The photomicrographs of liver, kidney and heart of the Test groups animals and the control group animals are presented in Figs 1 – 6
A. The liver
B. The kidney
C. The heart
Histopathological examination of the test group liver, kidney and heart showed no significant changes. The test group liver showed normal hepatic cells with preserved cytoplasm, prominent nucleus and nucleolus and prominent central vein similarly the liver tissue of the control group showed normal cellular architecture as central veins were prominent and not congested. The photomicrograph of the test group kidney show no tubular necrosis, and no interstitial hemmorrhage similarly the kidney of the control group showed normal architecture with prominent tubules and undistorted glomeruli. On the heart, the test group heart revealed normal myocardium displaying branching cardiac muscle cells with centrally placed nuclei. There was no cardiac muscle congestion similarly the heart tissue from the control group animals revealed normal architecture.
The liver plays a central role in transforming and clearing chemicals and is susceptible to toxicity from these agents. Certain medicinal agents when taken in overdose and sometimes even when introduced in therapeutic ranges may injure the organ. Chemicals often cause subclinical injury to the liver. The central role played by the liver in the clearance and transformation of chemicals makes it susceptible to drug induced injury. Due to its unique metabolism and close relationship with the GIT, the liver is susceptible to injury from drugs and other substances.(Friedman et al;2003). The pharmacokinetics of the ACTs as reviewed also show that their primary site of metabolism is the liver, thus it would be expected that the liver would be susceptible to injury from these agents, however the results of this current study showed absence of any form of liver injury even at the microscopic or tissue level.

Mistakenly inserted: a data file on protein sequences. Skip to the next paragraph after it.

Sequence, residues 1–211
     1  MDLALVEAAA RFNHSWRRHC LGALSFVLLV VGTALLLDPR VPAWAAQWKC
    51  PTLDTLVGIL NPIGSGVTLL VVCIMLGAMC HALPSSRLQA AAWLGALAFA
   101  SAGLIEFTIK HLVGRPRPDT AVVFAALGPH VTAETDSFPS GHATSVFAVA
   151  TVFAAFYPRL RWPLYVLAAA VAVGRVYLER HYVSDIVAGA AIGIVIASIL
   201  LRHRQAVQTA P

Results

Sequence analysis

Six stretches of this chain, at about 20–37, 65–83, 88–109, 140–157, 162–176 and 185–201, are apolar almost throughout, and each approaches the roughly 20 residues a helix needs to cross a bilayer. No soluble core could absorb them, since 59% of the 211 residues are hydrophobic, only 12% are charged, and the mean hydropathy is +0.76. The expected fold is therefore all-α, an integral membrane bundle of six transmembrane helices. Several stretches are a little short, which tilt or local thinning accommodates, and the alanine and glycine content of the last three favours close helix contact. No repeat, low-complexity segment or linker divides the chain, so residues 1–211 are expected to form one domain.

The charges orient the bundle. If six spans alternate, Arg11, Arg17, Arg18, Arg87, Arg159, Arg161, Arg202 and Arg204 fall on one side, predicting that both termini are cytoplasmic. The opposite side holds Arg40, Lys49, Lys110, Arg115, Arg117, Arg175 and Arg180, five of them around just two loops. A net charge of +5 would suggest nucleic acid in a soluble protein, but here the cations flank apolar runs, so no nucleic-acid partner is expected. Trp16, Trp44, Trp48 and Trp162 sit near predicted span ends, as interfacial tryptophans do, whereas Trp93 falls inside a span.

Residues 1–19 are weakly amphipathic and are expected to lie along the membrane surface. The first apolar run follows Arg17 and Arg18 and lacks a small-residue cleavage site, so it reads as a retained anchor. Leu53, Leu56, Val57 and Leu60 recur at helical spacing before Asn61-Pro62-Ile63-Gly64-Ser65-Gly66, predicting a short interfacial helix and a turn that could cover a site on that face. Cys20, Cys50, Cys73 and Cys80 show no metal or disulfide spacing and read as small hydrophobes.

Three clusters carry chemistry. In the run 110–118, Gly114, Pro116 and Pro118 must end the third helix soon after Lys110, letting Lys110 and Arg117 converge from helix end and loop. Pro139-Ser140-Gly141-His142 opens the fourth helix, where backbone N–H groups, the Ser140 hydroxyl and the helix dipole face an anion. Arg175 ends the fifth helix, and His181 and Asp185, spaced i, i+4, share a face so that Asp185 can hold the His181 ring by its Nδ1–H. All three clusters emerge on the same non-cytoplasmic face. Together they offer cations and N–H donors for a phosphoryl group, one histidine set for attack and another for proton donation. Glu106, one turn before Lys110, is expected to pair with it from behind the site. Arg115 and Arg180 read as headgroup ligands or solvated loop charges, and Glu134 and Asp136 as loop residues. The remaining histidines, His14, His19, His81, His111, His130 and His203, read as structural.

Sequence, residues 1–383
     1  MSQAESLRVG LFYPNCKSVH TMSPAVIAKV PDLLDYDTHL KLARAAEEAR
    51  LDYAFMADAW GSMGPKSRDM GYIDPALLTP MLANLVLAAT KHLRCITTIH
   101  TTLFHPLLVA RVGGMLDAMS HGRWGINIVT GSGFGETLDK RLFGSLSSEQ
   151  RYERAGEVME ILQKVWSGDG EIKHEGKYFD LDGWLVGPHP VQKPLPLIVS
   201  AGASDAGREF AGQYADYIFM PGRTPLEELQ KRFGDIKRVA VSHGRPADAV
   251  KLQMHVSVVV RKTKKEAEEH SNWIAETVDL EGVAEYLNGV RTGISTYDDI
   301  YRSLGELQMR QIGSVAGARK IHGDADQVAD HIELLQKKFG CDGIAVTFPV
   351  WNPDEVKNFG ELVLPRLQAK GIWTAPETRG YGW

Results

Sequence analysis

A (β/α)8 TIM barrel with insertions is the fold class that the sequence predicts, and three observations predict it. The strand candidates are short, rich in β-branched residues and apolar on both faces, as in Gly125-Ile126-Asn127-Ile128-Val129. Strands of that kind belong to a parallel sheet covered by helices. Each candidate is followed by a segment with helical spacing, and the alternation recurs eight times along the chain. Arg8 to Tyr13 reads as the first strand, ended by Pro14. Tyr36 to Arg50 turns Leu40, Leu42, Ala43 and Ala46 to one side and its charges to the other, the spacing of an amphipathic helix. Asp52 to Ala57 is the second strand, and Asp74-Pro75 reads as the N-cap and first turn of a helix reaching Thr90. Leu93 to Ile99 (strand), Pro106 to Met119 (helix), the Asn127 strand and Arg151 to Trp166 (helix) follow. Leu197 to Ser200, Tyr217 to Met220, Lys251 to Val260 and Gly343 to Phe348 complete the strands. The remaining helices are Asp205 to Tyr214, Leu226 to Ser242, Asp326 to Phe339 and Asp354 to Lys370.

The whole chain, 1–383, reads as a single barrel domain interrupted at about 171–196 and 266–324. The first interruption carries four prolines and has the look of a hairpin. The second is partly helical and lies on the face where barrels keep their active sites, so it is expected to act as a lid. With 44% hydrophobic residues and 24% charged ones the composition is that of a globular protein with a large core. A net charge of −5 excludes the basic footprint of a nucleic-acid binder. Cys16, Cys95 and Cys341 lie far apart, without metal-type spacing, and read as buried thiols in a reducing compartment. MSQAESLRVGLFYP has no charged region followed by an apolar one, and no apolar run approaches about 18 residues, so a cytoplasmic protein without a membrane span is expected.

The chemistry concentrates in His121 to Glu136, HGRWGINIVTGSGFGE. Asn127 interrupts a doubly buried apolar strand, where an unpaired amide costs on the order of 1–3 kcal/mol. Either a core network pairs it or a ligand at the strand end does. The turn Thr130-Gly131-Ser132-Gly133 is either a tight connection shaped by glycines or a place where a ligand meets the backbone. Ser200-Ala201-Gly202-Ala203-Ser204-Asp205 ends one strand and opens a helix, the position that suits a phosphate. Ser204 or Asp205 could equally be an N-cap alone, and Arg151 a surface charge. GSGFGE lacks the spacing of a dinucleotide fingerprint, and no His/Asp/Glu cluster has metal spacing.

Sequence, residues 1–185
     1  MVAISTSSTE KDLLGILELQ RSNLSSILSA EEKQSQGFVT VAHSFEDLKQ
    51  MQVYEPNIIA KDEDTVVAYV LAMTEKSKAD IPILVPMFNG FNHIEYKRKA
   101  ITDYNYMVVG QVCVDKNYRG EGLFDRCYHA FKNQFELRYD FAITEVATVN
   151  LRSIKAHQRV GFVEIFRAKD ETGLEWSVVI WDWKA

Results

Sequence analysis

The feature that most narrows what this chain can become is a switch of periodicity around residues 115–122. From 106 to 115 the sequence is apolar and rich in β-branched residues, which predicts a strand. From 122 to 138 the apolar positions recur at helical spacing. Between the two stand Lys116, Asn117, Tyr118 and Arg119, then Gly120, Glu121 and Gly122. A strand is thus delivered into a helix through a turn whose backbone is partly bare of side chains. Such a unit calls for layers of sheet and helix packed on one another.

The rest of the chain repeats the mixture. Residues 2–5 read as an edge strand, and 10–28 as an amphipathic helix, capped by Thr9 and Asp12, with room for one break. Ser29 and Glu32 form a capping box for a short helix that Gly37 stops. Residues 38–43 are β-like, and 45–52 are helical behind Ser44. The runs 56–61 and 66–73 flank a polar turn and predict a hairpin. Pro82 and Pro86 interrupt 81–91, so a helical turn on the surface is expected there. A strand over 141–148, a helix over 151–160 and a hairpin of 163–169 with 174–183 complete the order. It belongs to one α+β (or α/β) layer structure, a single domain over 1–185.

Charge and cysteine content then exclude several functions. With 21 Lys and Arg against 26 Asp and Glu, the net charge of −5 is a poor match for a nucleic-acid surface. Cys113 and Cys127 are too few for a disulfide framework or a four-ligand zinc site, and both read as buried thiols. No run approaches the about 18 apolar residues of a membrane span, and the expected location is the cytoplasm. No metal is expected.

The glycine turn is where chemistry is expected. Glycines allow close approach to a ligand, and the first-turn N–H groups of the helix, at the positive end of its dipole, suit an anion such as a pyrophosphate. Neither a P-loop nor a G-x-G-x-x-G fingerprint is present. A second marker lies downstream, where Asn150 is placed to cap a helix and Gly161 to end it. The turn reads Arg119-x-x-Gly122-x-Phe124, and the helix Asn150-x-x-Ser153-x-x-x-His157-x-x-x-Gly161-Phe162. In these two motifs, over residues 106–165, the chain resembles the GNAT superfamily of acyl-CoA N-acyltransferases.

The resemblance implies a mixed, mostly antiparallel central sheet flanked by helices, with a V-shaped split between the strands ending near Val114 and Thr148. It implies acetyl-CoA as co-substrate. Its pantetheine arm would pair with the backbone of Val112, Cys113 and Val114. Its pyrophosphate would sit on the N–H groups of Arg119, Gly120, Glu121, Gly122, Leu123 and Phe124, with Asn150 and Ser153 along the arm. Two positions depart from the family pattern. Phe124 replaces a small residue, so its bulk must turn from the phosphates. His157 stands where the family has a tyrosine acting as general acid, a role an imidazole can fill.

The kidneys can be damaged by a large number of therapeutic agents. The human kidneys together account for less than 1% of body weight yet receive about 20% of the cardiac output. They are primarily involved in filtering and concentrating various substances and chemical agents. These substances may reach high concentrations in the kidney and become toxic. It is worth noting that the ACTs are primarily excreted via the kidney in the urine, thus the absence of any histological damage to the kidneys following subacute exposure to the ACTs, clearly demonstrate the safety of these agents as it affects the kidneys.
Cardiotoxicity is a major adverse effect of drugs and has led to a number of withdrawals. As many cardiotoxic effects are rare and only occur after long term use, identifying them in drug discovery stages is relatively difficult. These organs were therefore evaluated in this study and results showed no pathological changes were observed after the experiment.
The results of this current research is in concordance with some other studies on ACTs on blood parameters which showed no statistically significant disturbance in blood chemistry or adverse effect on liver enzymes. While literature claims that the ACTs may be neurotoxic in mice, this results are yet to be replicated in humans. Studies on AS+AQ combination reveal that it may not be neurotoxic at clinical doses. Other studies on the effects of ACTs on hormonal parameters in rats showed no significant change in sperm count, motility, live/dead ratio, sperm abnormality and serum testosterone level.
In conclusion, based on the findings of this study, it is safe to state that the ACTs as administered presently for the treatment of malaria are relatively safe with no observed histopathological effects on the heart, kidney and liver. We however advocate that further research work be carried out on these drugs to further confirm the safety of these agents and also to investigate the effects of the agents on the nervous system.
The authors are grateful to Dr. Seleye- Fubara and Dr. Ijomoni ( Anatomical Pathologists) for their professional assistance, Prof. O.A.Georgewill for his useful corrections and Mr Moses Itugha(Anatomist) for his technical assistance